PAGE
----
My grandchildren love to draw and when 5 year old Peyton drew this little masterpiece I couldn’t resist turning it into a unique embroidery that is now hanging on her bedroom wall. It’s such a cute original drawing...and who doesn’t believe unicorns? They are almost as magical as the Brother My Design Centre!

Individual creativity is now even more accessible with the stunning features of Brother’s My Design Centre.

You, yes you, can create your own unique designs quickly and easily on the huge colour touch screen that is synonymous with Brother. No computer or digitizing software needed and best of all, creating a special design takes minutes, not hours.

Start with a simple drawing by a child, something you’ve penned yourself, a colouring-in book page or even a full colour clip art file from a simple google search (there are millions available). My Design Centre will turn these images into embroidery files right before your eyes. You can even edit or customize the designs right on the machine screen, quickly and easily.

My Design Centre Built-In Shapes & Fill PatternsThere are also the auto stippling and quilting options which allow you to apply perfectly stitched scalable quilting backgrounds that the machine cleverly knows where not to stitch. It’s so easy to create a stunning quilt block or even quilt as you go without needing years of experience. 

Quite frankly I could write pages and page of information on My Design Centre which, incidentally, is available on four different Brother models including Stellaire XE1 & Stellaire XJ1, the Luminaire XP1 and the all-conquering PR1050X ten needle model.

On top of the My Design Centre, there are the other incredible and exclusive Brother technology features, like the InnovEye Camera and the new My Design Snap app. 

It is far more informative and inspiring to watch the videos on our website. So, if you’re dreaming of your next machine then please check out our super deals on all Brother models. Remember, we can always tailor a package to suit your individual needs.   

1: Draw it
Child drawing
2: Snap it (Stellaire) or Scan it (Luminaire)
Take a photo withMy Design Snap App
3: Convert it
Convert drawing into embroidery on your machine
4. Customise it (if you want)
Edit childs drawing embroidery with My Design Centre
5: Stitch it
Stitch Kids Drawing Brother Stellaire
6: Gift it, Display it, Enjoy it!
Turn Drawing Into Embroidery My Design Center Display Wall Hanging
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Stabilizer guide https://www.echidnasewing.com.au/article/product-guides/your-guide-to-embroidery-stabilizers-and-backings https://www.echidnasewing.com.au/guid/article/770 2020-05-14 00:00:00 Stabilizers are an essential part of machine embroidery. These thin layers of backing material keep your fabric from stretching or puckering during the stitching process. Knowing which stabilizer to use for your projects is a skill which you can master with practice. In our stabilizer guide below we explain the different stabilizers available, what they're made from and when to use them. We have created a handy stabilizer guide (PDF, 218KB) that you can download and print to make it easier to refer back too. Softaway (tearaway) Medium weight - Non-woven polyester, wood pulp, PVA | 55gsm A softer, lighter tearaway for woven fabrics (e.g. apparel and crafts). Easy to ... Stabilizers are an essential part of machine embroidery. These thin layers of backing material keep your fabric from stretching or puckering during the stitching process.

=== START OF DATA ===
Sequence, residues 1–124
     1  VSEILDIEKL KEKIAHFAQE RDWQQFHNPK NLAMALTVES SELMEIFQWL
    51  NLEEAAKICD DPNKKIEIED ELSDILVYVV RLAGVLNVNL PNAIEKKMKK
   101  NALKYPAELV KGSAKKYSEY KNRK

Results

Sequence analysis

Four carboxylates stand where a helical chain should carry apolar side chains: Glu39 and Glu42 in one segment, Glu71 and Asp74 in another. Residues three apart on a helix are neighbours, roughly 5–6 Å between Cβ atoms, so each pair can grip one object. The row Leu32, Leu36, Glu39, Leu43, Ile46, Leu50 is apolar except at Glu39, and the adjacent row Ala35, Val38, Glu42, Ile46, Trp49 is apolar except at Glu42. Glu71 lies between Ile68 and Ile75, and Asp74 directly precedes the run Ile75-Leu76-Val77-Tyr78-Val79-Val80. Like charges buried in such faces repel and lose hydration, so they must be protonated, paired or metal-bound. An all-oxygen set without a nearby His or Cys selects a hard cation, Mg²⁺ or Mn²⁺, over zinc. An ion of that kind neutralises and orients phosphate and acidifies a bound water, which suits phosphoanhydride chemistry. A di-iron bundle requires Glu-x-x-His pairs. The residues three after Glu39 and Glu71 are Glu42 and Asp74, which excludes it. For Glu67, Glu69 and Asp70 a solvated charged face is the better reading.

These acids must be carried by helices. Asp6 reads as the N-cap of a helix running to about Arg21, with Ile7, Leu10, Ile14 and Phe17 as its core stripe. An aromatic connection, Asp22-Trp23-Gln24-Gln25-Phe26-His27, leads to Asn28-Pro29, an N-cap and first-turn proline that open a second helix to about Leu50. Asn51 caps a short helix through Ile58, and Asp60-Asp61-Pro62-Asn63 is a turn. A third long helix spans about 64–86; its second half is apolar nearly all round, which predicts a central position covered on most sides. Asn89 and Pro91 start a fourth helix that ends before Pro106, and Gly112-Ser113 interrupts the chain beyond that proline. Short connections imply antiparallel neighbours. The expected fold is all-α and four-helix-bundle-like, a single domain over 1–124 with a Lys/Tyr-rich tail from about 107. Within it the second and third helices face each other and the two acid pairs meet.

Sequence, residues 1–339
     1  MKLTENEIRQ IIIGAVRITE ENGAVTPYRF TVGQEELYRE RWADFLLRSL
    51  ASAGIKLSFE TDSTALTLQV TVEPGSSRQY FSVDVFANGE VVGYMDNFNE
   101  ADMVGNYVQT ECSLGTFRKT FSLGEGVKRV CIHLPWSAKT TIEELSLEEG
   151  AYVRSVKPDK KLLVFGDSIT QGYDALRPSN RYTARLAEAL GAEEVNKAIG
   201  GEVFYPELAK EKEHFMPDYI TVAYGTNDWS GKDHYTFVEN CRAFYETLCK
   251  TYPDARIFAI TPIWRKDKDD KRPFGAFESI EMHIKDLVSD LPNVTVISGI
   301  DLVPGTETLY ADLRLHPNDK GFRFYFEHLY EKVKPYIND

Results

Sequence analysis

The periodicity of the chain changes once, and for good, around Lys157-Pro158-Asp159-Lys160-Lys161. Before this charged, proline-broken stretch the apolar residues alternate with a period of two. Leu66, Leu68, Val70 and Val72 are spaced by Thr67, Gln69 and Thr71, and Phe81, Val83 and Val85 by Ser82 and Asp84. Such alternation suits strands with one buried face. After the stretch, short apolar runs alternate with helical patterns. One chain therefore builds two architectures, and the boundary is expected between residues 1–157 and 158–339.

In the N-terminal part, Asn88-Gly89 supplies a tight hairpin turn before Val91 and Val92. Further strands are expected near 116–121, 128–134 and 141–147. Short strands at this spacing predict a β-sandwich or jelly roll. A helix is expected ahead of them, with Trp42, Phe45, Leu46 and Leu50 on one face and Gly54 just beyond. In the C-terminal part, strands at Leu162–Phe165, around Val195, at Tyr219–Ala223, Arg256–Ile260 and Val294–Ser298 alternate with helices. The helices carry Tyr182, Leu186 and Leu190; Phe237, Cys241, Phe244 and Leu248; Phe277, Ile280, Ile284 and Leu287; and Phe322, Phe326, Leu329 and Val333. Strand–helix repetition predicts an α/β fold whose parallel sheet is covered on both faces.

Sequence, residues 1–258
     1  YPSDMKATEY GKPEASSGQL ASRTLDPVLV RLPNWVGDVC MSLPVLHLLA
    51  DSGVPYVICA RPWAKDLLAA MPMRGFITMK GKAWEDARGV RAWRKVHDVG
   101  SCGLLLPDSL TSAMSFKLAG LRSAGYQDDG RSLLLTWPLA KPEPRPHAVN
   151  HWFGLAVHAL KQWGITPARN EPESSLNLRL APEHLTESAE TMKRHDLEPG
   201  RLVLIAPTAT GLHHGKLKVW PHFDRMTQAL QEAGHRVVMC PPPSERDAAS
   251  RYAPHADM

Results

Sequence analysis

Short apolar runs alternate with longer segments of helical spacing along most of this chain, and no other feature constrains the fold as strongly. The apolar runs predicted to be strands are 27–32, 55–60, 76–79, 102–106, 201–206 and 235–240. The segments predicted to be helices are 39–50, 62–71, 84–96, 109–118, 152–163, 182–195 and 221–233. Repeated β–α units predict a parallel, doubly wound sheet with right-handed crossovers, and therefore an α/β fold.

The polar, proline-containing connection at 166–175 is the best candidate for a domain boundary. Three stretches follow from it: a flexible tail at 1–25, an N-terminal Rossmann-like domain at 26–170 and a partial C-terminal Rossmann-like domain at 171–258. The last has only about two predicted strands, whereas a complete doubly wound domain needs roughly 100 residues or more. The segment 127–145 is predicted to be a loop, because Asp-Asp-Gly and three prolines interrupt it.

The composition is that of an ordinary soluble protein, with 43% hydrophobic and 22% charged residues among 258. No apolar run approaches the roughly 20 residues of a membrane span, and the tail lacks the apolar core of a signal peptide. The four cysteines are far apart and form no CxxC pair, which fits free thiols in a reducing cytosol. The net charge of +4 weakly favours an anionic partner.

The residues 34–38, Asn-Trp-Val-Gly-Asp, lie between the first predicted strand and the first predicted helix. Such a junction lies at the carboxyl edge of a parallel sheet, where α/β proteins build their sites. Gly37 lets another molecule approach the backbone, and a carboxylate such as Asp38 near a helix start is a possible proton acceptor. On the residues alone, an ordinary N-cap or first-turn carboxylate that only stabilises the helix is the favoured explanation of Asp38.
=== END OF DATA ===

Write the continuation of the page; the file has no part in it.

Knowing which stabilizer to use for your projects is a skill which you can master with practice. In our stabilizer guide below we explain the different stabilizers available, what they're made from and when to use them. We have created a handy stabilizer guide (PDF, 218KB) that you can download and print to make it easier to refer back too.

Softaway tearaway

Softaway (tearaway)

Medium weight - Non-woven polyester, wood pulp, PVA | 55gsm

A softer, lighter tearaway for woven fabrics (e.g. apparel and crafts). Easy to hoop, doesn’t perforate and tears away easily and cleanly. Can be used on knitted fabrics with lower stitch count designs.


Buy 20" x 10yd roll → Buy bulk 50cm x 45m roll →
Fusible Softaway tearaway

Fusible Softaway (tearaway)

Medium weight - Non-woven polyester, wood pulp, PVA, olefin | 55gsm

Softaway with an added low-melt-point fusible layer. Ideal for difficult or slippery woven fabrics (e.g. satins, sateens and poplins).


Buy 20" x 10yd roll → Buy bulk 25cm x 100m roll →
Echidna Tearaway – Black

Echidna Tearaway – Black

Medium/heavy polyester | 76gsm

A standard commercial style black tearaway offering great support during the stitching process. Will tear away easily. Ideal for dark loosely woven fabrics.

Buy 20” x 10yd roll →
Cutaway Light

CutAway (Light)

Non-woven polyester | 50gsm

Echidna Light Cutaway stabilizer is ideal for lighter weight knitted or stretch fabrics or when a low to moderate stitch count design is used. Example: a logo on quick-dry polo shirts. Light cutaway prevents stretch and provides stability both during stitching and the life of the finished item.

Buy 25cm x 100m roll →
Cutaway Medium

CutAway (Medium)

Non-woven polyester | 80gsm

The universal stabilizer. Use one layer with medium to heavy stretch or knitted fabrics (e.g. polos and sportswear). Whenever possible, hoop with the garment or for difficult items baste the garment on top of the hooped stabilizer. Trim away the excess backing after stitching. Leaving about ¼ inch around the finished design.

Buy 20" x 10yd roll → Buy bulk 25cm x 100m roll →

See-through Cutaway

See-through CutAway

Non-woven polyester

A soft cutaway ideal for lightweight, soft drape and semi-transparent fabrics. Very stable, but almost invisible from the right side the fabric. Ideal for in-the-hoop projects and quilt blocks. Trim back close to the stitching on the underside of garments. Our pick for light coloured polo shirts.